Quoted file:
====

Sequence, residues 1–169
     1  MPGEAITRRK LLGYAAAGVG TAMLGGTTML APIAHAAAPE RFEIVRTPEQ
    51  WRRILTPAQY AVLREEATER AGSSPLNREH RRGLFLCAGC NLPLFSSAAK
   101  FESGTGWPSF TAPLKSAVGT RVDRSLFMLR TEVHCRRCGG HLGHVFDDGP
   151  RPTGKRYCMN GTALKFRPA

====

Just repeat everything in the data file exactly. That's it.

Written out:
Sequence, residues 1–169
     1  MPGEAITRRK LLGYAAAGVG TAMLGGTTML APIAHAAAPE RFEIVRTPEQ
    51  WRRILTPAQY AVLREEATER AGSSPLNREH RRGLFLCAGC NLPLFSSAAK
   101  FESGTGWPSF TAPLKSAVGT RVDRSLFMLR TEVHCRRCGG HLGHVFDDGP
   151  RPTGKRYCMN GTALKFRPA